Antihero: The Self-Hating Existentialist in Notes From Underground
Fyodor Dostoevsky’s Notes From Underground is often considered an early example of existentialism, and a particularly influential one. Although written in the mid-nineteenth century, it easily invites comparison to twentieth-century works such as Albert Camus’s The Stranger and J. D. Salinger’s The Catcher in the Rye. Certainly, Dostoevsky’s Underground Man is comparable to the disaffected heroes of Camus’s and Salinger’s stories. The specific qualities of existentialism that tie the novel to a movement it predates are the lack of meaning in life, an absurdist take on the world, and the isolation of the main character. Upon closer examination, the existentialist elements in Notes From Underground stem from its lead character’s self-hatred. Thus, the Underground Man’s existentialist crisis is created rather than inherited. In creating an existentialist environment for himself, the Underground Man perpetuates his own skewed perspective on “reality.”
The notion of “reality” is perhaps the most intrinsic to existentialism. In this school of thought, humans simply exist. Any meaning that existence takes on is simply an attempt by people to create significance where none is or can be. The pursuit of any kind of meaning is absurd. In other people’s reliance on order, structure, and especially religion, the existentialist sees a willful self-delusion. People look for happiness in government, money, family, and religion. For the existentialist, these are merely structures created by humankind to brainwash itself into a kind of forced sense of fulfillment.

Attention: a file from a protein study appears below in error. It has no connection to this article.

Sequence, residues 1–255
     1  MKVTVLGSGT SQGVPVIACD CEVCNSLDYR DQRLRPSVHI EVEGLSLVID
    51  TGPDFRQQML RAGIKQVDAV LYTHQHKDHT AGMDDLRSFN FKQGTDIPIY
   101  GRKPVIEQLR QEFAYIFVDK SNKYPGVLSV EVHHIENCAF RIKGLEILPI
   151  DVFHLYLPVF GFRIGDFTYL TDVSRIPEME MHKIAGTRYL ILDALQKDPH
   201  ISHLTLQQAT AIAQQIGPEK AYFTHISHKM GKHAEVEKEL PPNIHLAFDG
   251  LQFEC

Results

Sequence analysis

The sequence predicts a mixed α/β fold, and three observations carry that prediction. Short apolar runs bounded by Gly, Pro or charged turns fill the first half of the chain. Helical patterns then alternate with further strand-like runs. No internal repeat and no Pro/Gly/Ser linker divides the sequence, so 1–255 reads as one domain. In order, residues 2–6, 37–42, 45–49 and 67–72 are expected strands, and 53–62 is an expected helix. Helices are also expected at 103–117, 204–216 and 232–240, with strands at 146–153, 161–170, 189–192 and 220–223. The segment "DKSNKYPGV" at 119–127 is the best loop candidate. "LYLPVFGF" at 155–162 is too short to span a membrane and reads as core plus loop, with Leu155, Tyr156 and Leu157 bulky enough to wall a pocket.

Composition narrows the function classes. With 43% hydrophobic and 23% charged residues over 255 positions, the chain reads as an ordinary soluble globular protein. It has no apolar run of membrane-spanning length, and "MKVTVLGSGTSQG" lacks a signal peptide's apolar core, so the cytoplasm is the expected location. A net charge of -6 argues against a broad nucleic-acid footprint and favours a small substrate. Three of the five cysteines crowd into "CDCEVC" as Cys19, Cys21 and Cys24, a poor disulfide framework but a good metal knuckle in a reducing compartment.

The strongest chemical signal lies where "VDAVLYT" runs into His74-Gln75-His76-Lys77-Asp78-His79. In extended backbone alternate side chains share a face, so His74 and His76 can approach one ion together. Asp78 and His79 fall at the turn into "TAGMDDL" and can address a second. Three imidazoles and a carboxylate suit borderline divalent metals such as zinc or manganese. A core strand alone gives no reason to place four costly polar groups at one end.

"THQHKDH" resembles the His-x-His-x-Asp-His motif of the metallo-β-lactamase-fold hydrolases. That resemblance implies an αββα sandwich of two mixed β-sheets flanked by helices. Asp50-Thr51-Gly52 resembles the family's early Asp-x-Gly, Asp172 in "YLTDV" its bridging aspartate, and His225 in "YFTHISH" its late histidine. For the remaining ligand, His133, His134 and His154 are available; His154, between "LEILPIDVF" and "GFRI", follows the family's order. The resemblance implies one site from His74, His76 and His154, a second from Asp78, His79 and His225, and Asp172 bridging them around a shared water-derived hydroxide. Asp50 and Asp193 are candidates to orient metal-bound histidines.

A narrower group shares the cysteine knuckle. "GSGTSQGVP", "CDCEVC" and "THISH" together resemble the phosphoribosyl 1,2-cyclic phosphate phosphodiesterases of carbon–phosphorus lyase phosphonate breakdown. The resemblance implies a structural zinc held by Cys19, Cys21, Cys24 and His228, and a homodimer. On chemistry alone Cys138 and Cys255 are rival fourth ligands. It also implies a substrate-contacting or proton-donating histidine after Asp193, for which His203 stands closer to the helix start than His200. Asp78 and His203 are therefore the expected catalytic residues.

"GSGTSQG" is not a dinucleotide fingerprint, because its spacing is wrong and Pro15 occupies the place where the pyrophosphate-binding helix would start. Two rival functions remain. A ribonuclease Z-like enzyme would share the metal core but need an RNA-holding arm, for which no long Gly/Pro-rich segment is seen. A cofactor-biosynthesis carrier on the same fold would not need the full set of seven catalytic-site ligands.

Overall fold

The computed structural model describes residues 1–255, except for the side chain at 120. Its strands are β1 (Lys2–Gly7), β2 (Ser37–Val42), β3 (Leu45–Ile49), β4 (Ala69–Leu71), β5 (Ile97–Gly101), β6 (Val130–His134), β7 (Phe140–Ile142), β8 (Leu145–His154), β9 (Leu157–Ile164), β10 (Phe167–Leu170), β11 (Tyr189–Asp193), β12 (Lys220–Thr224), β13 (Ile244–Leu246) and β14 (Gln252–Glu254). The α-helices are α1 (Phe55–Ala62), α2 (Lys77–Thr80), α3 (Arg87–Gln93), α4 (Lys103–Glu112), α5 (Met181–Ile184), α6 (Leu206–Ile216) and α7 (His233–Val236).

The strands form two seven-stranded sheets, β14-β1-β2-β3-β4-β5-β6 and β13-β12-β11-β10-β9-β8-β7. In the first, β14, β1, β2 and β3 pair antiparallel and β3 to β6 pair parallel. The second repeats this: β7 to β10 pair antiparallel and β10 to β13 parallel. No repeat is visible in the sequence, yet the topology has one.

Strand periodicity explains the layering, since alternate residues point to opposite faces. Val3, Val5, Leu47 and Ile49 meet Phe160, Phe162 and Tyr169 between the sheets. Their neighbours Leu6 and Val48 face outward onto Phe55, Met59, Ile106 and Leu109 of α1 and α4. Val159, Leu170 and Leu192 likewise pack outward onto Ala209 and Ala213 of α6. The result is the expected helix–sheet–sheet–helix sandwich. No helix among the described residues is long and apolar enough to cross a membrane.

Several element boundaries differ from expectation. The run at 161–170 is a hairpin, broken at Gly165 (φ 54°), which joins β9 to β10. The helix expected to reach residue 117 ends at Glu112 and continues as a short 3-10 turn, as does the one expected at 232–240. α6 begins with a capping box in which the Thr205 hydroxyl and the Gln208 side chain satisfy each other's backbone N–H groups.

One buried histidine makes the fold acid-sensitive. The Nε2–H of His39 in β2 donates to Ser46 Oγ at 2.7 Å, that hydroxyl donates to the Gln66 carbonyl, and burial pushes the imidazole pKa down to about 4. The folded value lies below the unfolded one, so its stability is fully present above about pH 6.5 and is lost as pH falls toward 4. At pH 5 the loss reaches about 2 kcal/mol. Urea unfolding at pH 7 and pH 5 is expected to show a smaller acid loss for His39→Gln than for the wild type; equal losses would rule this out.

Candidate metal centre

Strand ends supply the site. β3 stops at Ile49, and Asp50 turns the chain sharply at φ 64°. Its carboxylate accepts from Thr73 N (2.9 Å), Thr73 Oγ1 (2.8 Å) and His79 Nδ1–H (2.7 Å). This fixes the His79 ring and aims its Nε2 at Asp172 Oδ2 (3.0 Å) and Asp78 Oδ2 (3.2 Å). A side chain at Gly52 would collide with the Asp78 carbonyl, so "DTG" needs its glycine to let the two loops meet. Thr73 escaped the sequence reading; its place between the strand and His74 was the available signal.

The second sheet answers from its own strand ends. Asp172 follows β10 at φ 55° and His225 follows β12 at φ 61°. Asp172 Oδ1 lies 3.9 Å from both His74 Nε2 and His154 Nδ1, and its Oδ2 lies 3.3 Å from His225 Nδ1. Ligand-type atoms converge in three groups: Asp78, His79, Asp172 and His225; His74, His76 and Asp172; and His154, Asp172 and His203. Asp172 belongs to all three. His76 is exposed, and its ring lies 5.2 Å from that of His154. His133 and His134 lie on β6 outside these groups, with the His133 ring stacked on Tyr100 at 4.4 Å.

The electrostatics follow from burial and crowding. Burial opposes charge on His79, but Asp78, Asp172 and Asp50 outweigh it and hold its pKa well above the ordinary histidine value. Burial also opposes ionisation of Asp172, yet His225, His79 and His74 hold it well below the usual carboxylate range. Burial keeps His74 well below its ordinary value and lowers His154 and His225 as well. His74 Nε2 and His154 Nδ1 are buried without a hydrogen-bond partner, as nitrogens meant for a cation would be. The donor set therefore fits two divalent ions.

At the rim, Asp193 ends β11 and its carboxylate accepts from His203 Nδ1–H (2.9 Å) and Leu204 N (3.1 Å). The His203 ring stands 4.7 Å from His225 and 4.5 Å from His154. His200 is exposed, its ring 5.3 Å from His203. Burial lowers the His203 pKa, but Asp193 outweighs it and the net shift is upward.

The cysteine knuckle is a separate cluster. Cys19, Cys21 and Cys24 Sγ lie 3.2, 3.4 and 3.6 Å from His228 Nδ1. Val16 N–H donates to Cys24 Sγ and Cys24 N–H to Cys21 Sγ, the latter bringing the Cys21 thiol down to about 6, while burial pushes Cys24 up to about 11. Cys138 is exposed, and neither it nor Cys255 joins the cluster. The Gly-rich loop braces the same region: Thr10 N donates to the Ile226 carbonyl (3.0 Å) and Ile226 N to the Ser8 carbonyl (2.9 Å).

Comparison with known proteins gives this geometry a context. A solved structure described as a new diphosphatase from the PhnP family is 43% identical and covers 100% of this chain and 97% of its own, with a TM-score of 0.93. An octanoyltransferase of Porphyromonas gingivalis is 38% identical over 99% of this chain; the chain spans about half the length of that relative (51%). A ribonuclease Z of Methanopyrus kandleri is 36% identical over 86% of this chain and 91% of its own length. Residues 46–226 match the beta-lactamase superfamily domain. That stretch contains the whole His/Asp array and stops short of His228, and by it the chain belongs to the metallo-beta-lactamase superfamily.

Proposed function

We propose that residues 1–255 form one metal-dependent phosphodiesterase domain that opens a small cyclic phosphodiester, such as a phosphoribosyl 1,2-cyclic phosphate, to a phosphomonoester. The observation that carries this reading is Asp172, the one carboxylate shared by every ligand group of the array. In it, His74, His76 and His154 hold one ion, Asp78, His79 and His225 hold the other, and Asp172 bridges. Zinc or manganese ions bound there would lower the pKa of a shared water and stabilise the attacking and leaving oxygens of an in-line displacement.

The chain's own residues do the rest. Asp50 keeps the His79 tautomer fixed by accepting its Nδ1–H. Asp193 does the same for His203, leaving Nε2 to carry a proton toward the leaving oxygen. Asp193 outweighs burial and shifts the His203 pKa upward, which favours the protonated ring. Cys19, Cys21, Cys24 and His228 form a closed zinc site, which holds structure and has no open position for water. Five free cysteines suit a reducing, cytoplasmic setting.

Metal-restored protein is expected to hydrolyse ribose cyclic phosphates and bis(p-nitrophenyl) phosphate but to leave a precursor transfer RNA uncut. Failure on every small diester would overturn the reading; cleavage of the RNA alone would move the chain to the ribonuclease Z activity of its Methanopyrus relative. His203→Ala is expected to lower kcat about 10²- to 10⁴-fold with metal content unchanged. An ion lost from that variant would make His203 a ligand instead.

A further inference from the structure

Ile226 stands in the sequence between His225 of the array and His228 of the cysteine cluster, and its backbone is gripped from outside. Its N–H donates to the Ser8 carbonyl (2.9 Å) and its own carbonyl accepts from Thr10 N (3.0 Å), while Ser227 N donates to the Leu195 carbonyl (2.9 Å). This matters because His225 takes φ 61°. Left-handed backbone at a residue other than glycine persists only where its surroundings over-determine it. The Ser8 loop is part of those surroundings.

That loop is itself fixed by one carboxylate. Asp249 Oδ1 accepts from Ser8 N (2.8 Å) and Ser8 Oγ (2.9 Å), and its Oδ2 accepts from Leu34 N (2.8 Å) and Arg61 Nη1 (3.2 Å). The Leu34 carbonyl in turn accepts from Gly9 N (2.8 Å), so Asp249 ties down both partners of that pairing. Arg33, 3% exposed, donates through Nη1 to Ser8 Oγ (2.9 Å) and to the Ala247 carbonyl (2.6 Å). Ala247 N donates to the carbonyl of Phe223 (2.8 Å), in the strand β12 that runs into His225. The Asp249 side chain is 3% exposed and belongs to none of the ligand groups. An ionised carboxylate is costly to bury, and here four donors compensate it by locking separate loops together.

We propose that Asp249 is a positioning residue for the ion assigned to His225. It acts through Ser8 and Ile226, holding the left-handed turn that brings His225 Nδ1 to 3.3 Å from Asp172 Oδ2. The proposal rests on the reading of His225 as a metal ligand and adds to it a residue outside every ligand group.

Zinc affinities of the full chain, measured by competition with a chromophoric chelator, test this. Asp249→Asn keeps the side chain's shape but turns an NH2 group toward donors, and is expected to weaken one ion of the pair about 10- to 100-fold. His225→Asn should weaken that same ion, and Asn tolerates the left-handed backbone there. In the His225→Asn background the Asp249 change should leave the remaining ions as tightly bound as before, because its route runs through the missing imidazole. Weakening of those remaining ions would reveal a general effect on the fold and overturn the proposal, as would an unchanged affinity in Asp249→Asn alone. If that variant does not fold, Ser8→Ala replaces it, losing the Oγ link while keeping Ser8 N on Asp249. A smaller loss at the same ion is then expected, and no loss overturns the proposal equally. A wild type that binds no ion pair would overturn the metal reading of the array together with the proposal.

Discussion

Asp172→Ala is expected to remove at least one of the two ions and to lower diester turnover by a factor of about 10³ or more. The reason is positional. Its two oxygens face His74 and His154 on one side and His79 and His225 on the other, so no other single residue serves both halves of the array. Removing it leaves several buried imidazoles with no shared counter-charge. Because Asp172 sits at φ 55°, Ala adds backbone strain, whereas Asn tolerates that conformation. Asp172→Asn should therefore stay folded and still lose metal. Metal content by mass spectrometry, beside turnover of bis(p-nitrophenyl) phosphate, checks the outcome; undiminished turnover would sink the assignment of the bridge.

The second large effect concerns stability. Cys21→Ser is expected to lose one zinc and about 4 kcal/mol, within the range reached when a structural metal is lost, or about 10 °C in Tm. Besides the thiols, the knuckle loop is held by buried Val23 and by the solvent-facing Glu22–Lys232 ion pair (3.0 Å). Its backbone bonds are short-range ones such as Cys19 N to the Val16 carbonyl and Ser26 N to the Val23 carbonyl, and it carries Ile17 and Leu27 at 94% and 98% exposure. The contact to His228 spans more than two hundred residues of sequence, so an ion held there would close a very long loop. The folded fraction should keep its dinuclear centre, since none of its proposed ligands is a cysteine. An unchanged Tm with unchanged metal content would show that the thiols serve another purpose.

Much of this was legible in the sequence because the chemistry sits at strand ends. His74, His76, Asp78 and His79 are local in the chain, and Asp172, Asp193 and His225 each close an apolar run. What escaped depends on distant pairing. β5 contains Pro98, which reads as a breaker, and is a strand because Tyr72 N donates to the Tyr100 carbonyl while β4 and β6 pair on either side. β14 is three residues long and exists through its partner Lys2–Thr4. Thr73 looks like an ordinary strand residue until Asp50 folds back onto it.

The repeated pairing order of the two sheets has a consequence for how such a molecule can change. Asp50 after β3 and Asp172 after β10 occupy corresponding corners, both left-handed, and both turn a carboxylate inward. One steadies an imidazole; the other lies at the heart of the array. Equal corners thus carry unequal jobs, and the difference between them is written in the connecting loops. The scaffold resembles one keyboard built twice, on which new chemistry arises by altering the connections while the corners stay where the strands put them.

In Dostoevsky’s novel, the Underground Man finds himself in a unique, if hypocritical, position. On one hand, he clearly despises the people and the world around him. His work as a civil servant is just one of many kinds of suffering, and he loathes his coworkers. From another perspective, however, the Underground Man defines himself by his opposition to these people and institutions. If not for them, to whom or what could he direct his vitriol? The Underground Man must create a “reality” where he is in opposition to the world to find some kind of reason for his self-hatred. In doing so, he is breaking the very existentialist tenets he professes to uphold. The Underground Man may be mocking others’ false realities, but in doing so, he has created one of his own.
To reinforce this skewed reality, Dostoevsky uses a number of structural tools. First and most importantly, the story is told from the Underground Man’s perspective. Like The Stranger’s Meursault and The Catcher in the Rye’s Holden Caulfield, the Underground Man is our sole window into this world. As a result, we only get his skewed take on the “reality” in which he lives. Key to this reality is the Man’s status as “underground.” He identifies himself as underground for two main reasons. First, it establishes him as an outsider, and although this status is the source of much misery, it is essential for the reality he has created for himself. Second, it hints at the notion of revolution: there might be other Undergrounders out there waiting to unite against the oppression of their everyday lives. Ironically, the Underground Man is too apathetic to seek out other Undergrounders, creating further dissatisfaction in himself.
What also makes his narration unique is its almost Brechtian sense of distance. The Underground Man frequently interrupts himself to editorialize upon his thoughts and actions. At one point, when lamenting his conflicts with Liza, he admits that he was going to lie but instead stopped himself....
(The entire section is 1489 words.)